Released by the Bureau of Democracy, Human Rights, and Labor, January 30, 1998.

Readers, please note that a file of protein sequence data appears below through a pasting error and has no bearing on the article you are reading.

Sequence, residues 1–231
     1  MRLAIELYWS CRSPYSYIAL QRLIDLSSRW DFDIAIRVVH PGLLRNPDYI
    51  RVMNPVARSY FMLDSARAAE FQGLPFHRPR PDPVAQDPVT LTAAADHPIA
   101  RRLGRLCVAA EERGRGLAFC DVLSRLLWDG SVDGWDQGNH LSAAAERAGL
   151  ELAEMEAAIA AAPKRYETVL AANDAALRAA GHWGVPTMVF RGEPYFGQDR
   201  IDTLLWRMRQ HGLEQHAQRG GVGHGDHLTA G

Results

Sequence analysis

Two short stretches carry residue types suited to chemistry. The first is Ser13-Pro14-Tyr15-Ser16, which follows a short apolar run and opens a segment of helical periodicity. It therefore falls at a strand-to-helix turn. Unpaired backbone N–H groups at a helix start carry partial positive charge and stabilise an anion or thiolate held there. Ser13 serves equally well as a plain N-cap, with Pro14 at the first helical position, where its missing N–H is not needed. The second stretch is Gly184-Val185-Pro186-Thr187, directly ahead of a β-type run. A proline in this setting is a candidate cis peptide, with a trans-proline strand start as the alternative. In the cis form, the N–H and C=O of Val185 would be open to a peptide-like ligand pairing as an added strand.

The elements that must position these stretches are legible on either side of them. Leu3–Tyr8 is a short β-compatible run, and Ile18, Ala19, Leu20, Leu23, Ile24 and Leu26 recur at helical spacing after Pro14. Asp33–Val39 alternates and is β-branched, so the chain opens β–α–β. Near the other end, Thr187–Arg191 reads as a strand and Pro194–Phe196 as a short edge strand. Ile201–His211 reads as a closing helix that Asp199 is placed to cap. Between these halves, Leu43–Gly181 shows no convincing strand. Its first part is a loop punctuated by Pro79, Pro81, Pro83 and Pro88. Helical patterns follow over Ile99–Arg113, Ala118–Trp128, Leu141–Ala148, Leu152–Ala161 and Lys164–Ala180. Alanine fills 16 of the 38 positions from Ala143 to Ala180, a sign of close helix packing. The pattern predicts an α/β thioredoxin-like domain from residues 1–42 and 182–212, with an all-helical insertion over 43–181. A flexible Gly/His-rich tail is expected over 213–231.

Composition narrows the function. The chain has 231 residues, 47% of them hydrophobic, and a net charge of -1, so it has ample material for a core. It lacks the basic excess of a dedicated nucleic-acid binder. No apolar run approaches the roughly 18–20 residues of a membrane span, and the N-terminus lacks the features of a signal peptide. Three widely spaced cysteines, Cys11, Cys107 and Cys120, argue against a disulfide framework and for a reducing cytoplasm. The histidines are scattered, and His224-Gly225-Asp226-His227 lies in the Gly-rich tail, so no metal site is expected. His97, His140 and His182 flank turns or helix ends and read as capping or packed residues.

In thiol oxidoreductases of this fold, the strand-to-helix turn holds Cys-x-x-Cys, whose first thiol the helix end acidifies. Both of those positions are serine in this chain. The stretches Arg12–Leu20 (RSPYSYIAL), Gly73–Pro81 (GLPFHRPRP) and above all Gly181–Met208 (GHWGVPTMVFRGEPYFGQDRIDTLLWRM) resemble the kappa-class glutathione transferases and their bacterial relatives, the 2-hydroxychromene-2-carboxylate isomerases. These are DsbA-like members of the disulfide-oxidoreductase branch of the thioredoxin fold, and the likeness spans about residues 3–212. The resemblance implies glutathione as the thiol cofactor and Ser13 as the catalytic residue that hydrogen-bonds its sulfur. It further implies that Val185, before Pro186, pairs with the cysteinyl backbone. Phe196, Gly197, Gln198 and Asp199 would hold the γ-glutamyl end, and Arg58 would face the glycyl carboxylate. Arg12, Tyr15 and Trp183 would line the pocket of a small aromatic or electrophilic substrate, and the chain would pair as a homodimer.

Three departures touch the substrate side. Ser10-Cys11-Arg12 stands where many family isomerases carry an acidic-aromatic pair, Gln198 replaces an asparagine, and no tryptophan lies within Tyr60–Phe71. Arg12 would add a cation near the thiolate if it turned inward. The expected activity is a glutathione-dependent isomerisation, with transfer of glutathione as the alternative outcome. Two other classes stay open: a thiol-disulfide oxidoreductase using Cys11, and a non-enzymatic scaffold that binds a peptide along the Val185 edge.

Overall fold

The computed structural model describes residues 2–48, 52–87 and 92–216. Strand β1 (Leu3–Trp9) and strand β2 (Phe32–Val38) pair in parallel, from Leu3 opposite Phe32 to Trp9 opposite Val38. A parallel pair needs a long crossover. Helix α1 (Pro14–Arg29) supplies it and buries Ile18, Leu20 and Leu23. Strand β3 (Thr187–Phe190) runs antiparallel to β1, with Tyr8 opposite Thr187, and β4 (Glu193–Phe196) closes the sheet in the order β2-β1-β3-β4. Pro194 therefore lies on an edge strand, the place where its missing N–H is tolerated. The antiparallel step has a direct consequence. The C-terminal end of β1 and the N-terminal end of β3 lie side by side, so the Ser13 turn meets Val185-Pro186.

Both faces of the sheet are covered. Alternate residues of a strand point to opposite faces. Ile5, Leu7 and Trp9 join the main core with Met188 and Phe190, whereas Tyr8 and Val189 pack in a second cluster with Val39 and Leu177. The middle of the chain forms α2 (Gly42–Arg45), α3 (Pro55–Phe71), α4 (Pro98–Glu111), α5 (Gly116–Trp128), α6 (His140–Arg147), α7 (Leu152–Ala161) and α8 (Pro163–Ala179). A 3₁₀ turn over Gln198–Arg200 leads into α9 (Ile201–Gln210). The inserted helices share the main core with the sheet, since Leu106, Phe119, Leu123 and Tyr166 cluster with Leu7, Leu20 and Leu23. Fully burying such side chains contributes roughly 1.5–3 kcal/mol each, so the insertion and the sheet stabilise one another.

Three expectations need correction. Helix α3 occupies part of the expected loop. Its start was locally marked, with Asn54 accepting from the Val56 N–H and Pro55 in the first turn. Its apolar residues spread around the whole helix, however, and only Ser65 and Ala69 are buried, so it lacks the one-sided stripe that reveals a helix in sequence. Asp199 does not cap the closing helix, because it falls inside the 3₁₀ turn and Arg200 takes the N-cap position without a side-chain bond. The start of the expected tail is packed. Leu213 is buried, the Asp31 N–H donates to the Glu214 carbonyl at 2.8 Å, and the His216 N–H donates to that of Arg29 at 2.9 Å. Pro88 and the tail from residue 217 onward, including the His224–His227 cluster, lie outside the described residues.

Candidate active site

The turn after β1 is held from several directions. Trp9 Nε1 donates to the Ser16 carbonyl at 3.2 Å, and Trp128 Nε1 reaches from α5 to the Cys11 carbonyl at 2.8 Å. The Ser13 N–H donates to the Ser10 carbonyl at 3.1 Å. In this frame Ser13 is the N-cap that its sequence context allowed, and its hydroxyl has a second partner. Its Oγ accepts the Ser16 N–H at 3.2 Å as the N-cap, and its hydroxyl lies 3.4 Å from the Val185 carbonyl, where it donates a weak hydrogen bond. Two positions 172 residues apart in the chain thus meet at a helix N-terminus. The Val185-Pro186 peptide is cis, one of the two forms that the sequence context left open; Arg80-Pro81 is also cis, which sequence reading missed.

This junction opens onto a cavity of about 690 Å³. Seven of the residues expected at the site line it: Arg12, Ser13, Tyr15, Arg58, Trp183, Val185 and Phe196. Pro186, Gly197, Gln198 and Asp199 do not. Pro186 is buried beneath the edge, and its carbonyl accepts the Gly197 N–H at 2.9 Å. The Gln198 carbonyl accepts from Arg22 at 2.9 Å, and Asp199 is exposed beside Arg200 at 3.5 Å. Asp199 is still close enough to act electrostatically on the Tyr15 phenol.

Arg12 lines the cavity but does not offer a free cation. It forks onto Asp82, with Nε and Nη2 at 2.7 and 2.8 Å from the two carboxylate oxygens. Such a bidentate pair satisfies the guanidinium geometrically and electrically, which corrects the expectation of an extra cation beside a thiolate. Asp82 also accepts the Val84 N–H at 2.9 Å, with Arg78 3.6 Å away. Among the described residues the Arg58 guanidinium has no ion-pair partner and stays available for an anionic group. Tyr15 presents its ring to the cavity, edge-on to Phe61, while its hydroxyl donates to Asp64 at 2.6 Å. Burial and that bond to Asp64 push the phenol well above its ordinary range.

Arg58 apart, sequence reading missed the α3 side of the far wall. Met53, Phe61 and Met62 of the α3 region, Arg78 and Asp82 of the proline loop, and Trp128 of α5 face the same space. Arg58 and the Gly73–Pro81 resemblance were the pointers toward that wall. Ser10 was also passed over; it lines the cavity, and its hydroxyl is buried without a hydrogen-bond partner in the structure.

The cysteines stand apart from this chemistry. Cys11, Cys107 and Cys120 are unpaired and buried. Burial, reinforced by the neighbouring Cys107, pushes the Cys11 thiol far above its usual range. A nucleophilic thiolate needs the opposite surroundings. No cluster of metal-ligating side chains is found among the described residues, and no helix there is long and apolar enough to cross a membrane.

NEPALNepal is a constitutional monarchy with a parliamentary form of government. In 1990 the King, formerly an absolute monarch, legalized political parties after which an interim government promulgated a new constitution. The King retains important residual powers, but has dissociated himself from direct day-to-day government activities. The democratically elected Parliament consists of the House of Representatives (lower house) and the National Council (upper house). Since 1990, Nepal has held four national elections, two for the Parliament and two nationwide elections for local government offices. International observers considered these elections to be generally free and fair. In February 1996, the leaders of the Maoist United People's Front (UPF) launched a People's War in mid-western Nepal, which has produced incidents in 27 of 75 districts. The insurrection has been waged through torture, killings, and bombings involving civilians, and public officials. The Constitution provides for an independent judiciary, however, the courts are susceptible to political pressure and corruption. The National Police Force maintains internal security, assisted as necessary by the Royal Nepalese Army (RNA). Police reaction to the People's War insurgency led to incidents of unwarranted force against prisoners and noncombatants. The army is traditionally loyal to the King and has avoided involvement in domestic politics. However, with the continued threat from the Maoist insurgents, the RNA may take on a more active security role. The police are subject to civilian control, but local officials have wide discretion in maintaining law and order. The police committed human rights abuses. Nepal is an extremely poor country, with an annual per capita gross domestic product of approximately $200. Over 80 percent of its 21 million people support themselves through subsistence agriculture. Principal crops include rice, wheat, maize, jute, and potatoes. Tourism and the export of carpets and garments are the major sources of foreign exchange. Foreign aid accounts for more than half the development budget. The economy is mixed with approximately 50 public sector firms. Many former government firms have been privatized since 1992. Since political reform began in 1990, Nepal has made progress in its transition to a more open society with greater respect for human rights. However, problems remain, and the Government has not enforced all the Constitution's provisions regarding basic human rights. The police continue to abuse detainees, using torture as punishment or to extract confessions. The Government rarely investigates allegations of police brutality or takes action against accused police officers. There were also allegations that police killed unarmed civilians in the course of operations against the insurgents, and while these persons were held in custody. The authorities use arbitrary arrest and detention, and prison conditions remain poor. Judicial susceptibility to political pressure and corruption, long delays before trial, and lengthy pretrial detention remain problems. The Government continues to impose some restrictions on freedom of religion and expression. Lower castes and women suffer widespread discrimination. Trafficking in women and girls, violence against women, forced labor, and child labor also remain serious problems. In July 1996, Parliament unanimously enacted a bill to establish a permanent human rights commission with the authority to investigate human rights abuses. However, the commission has not yet been established. The Maoist insurgents continued to commit numerous abuses, including killings and bombings. They also forced the postponement of local elections in several mid-western districts.